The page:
The Case for Behavioral Metrics

It’s often said that digital is the most measurable medium. With all of the data available to online marketers, it can be tricky to know which metrics work best for your campaign. With newer behavioral metrics, like lift in related searches, becoming more readily available its important to understand how these metrics work, and what their value is to the marketer.
Within the world of brand marketing, there’s a strong tradition of using surveys to collect brand metrics like awareness, favorability and purchase intent. Although well established, survey solutions can generate pain points for advertisers, publishers and users. Surveys can be arduous for consumers and for publishers with abundant campaigns, fulfillment also becomes a challenge. When it comes to measuring an advertising campaign’s impact on sales, most advertisers are reliant on database matches or mapping to panels with credit card information. These methods are accurate but require extensive scale and budgets to execute.
Today it’s important to look at how behavioral metrics — like trademark searches, site visits and page views — correlate with more traditional brand and sales metrics as this data is collected passively without interfering with the consumer-site experience. Additionally, collecting behavioral data can be done internally by publishers and are more cost-efficient than brand surveys or sales-impact studies.
In a recent analysis by Yahoo and ComScore of over 100 marketing campaigns online, Yahoo found that changes in online behavioral metrics were often strongly correlated with changes in brand and purchase metrics. This is new evidence to support the idea that for some categories, behavioral metrics can be predictive of traditional metrics as well as near term purchases, but that the specific relationships vary by category.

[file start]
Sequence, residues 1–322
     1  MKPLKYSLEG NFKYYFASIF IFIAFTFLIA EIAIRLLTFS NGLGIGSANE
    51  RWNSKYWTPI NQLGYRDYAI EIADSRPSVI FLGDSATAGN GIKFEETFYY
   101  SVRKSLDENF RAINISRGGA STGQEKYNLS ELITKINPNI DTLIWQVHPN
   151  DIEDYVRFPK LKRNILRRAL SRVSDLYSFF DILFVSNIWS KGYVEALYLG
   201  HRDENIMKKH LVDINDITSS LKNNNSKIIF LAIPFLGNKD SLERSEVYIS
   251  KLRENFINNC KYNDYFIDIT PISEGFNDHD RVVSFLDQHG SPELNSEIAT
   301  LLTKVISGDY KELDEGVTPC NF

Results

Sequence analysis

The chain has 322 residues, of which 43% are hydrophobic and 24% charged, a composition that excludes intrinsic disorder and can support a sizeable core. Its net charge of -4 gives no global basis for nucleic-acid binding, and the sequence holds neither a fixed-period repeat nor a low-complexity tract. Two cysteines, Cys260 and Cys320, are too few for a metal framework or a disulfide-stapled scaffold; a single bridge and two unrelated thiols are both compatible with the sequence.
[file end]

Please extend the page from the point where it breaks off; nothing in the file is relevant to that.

Based on these results, behavioral shifts appear to be predictive of changes in favorability within the CPG categories of health and beauty. This is especially true of a consumer’s likelihood to recommend a product and brand awareness. Behavioral shifts also signify changes in awareness, purchase intent and likelihood to recommend in the computer and technology sector. For retail and CPG food and grocery campaigns, behavioral shifts signify changes in purchase intent. Within the quick-service restaurant sphere, behavioral metrics are strongly predictive of both brand and purchase impact.
I’m not recommending marketers abandon tried and true methods for evaluating campaign success, but using behavioral metrics can serve as reinforcements for traditional studies or be considered useful proxies in a few situations. First, when surveys are not ideal or possible and, second, in order to optimize campaigns while in the field. Advertisers should collect both survey and behavioral metrics to paint a more holistic picture of a campaign’s impact. This is especially true in categories like retail and CPG food and grocery categories where behaviors are indicative of success in driving immediate sales, and brand metrics are more indicative of changing longer-term perceptions.
Collecting both sets of metrics for campaigns in all categories will allow advertisers to understand how brand, behavioral and purchase metrics are related for their specific campaigns and objectives (which may differ vs. their respective categories). As our understanding of the relationships between metrics continues to get more sophisticated, marketers will have more options for measuring success against traditional goals.
Sebastian Fernandez is senior manager for corporate insights at Yahoo and has worked for a decade in digital advertising research.

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